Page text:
Testicular Cancer and White Males

The health disparity I chose to discuss is testicular cancer in white males.  Being a 21 year-old, white male, this is a topic not only of interest but a topic of concern.  This is because testicular cancer is the most common form of cancer in males 20-34 years of age and is 5 times more prevalent in white males than in black men and 3 times more than Asian and Native American men.  The causes of testicular cancer are relatively unknown but there are agreed upon risk factors that may increase a males risk for cancer development.  These risk factors include specific medical conditions that some patients suffer from in addition to the cancer, family history and genetics but most men
with testicular cancer do not have a family history, and a man’s occupation.  It has been shown that social determinants such as income and education may have an impact on testicular cancer development because higher rates of the cancer are seen in men that have high income and educational levels.  In addition, conditions a male faces before and after birth can play a role in potential testicular cancer development.  Conditions such as weight at birth, age of the mother during pregnancy, number of pregnancies, and hormone levels caused by natural or artifical hormones.

Biologically, there are no identifying markers that can be used to classify an individual into a specific race.  Instead, race is a socially constructed idea that is used to group those that have similar appearances.  When it comes to genetics, people of a similar ancestral background would share similar genes, such as the Pima Indian example from the lecture, but this doesn’t necessarily classify them as a separate race from other people.  Therefore, when it comes to trying to determine an individual’s health based on their race it would be better to look at the person’s social setting, where they live and how much money they make, rather than making a general assumption based on what they look like.




http://www.cdc.gov/cancer/npcr/training/nets/module10/nets10_3.pdf (Graph)

6 thoughts on “Testicular Cancer and White Males

  1. Nice explanation of genetics, health and race. There are many factors that go into the assessment of an individual’s health. Though I agree that race is a social construct, and there is no current definitive biological evidence to prove the contrary, these “similar appearances” are biological adaptations for beneficial survival. At one point in the evolutionary chain a group of individuals would have acquired these outward appearances for the well-being of themselves and their species. The question I have though is if there are outward appearances of biological genetic adaptations, which we classify as race, then is there not a high probability that there are internal, unseen adaptations that also occurred between different individuals? I agree that a social setting is essential to the evaluation of the person as a whole, this is one aspect I failed to thoroughly discuss in my post. I believe we should avoid any assumptions based strictly on race as an external condition, rather we should identify the unforeseen biological changes that I mentioned in addition to the whole assessment. We should still collect racial categories in clinical investigation, not for simply the reason of grouping individuals, but to help in the identification of disease patterns. When disease occurs in a population its cause was influenced by several factors including the genetic and social conditions, but sometimes treatment varies. Why do some populations respond to a pharmaceutical drug differently than others? Minute genetic variations have developed in individuals, which cannot be identified externally. This treatment variation may have been influenced by social factors, no doubt, but there are also instances of physiological response differences.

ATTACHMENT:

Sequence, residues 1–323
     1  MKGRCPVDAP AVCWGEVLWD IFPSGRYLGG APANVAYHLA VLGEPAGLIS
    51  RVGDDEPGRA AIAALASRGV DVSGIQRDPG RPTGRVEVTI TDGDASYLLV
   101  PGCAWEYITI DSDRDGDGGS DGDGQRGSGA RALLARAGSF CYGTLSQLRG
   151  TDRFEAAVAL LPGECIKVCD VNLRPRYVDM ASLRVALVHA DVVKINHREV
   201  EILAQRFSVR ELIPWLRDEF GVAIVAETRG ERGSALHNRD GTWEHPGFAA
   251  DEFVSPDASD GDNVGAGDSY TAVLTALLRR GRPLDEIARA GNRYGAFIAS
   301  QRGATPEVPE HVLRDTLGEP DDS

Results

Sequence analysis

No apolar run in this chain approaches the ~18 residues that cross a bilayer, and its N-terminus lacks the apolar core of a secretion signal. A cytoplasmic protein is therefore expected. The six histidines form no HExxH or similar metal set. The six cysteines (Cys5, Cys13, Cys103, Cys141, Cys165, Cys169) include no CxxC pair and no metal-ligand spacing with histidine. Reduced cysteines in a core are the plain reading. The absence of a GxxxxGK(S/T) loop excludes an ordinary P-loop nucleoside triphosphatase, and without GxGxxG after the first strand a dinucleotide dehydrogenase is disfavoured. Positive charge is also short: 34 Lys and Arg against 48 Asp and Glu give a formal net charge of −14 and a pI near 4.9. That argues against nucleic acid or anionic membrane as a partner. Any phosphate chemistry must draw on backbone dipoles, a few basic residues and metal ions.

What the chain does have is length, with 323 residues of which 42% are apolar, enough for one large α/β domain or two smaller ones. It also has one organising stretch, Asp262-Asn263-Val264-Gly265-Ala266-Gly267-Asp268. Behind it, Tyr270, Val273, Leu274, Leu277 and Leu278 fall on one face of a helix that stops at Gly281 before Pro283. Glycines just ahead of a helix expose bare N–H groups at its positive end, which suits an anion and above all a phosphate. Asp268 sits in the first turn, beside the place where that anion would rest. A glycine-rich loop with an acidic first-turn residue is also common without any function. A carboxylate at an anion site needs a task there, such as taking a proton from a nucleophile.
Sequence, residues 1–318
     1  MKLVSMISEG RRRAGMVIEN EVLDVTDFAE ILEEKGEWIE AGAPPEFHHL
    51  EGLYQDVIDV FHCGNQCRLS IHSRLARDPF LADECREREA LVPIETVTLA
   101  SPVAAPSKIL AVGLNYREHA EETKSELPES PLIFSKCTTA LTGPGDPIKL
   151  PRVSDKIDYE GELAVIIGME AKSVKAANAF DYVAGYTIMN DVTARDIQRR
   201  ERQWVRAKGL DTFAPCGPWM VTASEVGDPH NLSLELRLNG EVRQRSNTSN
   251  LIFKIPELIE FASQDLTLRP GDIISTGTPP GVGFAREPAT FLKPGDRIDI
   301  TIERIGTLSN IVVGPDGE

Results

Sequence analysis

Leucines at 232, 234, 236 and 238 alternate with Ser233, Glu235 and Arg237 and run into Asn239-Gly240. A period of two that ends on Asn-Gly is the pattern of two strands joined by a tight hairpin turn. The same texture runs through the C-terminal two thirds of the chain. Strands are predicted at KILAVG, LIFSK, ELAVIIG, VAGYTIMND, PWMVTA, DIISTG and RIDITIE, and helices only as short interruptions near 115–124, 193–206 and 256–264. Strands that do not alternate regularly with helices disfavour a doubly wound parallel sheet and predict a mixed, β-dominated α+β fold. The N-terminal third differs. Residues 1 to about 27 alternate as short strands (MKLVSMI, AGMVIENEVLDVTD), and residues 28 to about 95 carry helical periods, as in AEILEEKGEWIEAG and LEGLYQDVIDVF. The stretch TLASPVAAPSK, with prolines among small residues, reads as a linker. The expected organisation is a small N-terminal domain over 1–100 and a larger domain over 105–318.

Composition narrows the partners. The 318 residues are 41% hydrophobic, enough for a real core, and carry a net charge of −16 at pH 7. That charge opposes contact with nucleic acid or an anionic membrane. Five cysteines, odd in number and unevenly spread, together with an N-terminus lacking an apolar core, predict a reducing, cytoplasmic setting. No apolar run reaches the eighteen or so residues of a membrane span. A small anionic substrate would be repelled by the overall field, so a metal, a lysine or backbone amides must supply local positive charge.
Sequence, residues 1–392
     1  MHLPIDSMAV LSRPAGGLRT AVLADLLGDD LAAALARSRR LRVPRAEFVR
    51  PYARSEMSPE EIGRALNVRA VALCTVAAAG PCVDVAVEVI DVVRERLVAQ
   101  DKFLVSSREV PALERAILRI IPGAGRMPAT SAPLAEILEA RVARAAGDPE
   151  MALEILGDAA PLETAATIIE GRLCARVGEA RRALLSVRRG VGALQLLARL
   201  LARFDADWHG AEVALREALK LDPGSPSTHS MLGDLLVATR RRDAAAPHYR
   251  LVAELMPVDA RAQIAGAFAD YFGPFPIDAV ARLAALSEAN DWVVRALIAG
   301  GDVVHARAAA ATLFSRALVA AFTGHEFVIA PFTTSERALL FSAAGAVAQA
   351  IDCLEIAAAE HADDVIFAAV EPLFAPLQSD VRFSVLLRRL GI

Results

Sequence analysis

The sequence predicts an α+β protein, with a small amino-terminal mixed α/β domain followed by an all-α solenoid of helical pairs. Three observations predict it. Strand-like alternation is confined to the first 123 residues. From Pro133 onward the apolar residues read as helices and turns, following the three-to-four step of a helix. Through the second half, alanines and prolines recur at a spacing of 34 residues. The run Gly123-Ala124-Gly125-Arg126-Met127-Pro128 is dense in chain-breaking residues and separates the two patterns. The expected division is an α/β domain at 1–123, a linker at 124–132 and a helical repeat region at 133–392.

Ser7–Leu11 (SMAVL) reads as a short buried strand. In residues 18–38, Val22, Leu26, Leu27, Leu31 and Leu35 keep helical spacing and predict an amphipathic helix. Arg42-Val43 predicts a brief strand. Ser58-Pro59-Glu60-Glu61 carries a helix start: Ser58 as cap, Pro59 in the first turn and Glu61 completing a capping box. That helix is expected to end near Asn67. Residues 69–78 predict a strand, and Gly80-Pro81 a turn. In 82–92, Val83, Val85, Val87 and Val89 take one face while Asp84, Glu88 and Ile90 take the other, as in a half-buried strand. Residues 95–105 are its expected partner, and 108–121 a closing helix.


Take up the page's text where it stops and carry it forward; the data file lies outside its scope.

2. I too enjoyed your explanation about the difference between perceived race and actual genetic variations based on ancestry. It helped explain the fact that someone who looks to be a certain race could really have a genetic makeup that may not be in fitting with what is socially perceived, because it has more to do with your ancestry, than your appearance. I agree that many and probably most correlations between race and disease have to do more with social statistics than with what the person looks like. But I would also include emotional and physical stress, as well as past history, in your list of social setting, location, and income. I think that racial categories have become a bit of standardized statistic among clinical studies, and that this probably happened long before geneticists discovered the fact that genetically there is really no such thing as race. To be honest, I think it is only helpful to the extent that it may help some from a similar background determine their risk for a certain disease, particularly if they suffer from a family history. If one wanted to discuss racialized health disparities in a more constructive manner, one would have to add in a lot more statistics, like the ones you outlined in your post. That way we are seeing the overall, sweeping social patterns that are found in clinical studies, instead of focusing on race, which is essentially a meaningless categorization based on socially or self identified parameters.

  3. Being a 21 year old white male also, your topic really interested me. It definitely made me more aware of the chances of getting cancer. You did a really good job looking through the relationship between race, genetics, and health. Looking into family history made sense, but I would have never have thought about occupation. I thought the fact that cancer rates were higher in higher income, higher educated individuals was really interesting and I would have never suspected that.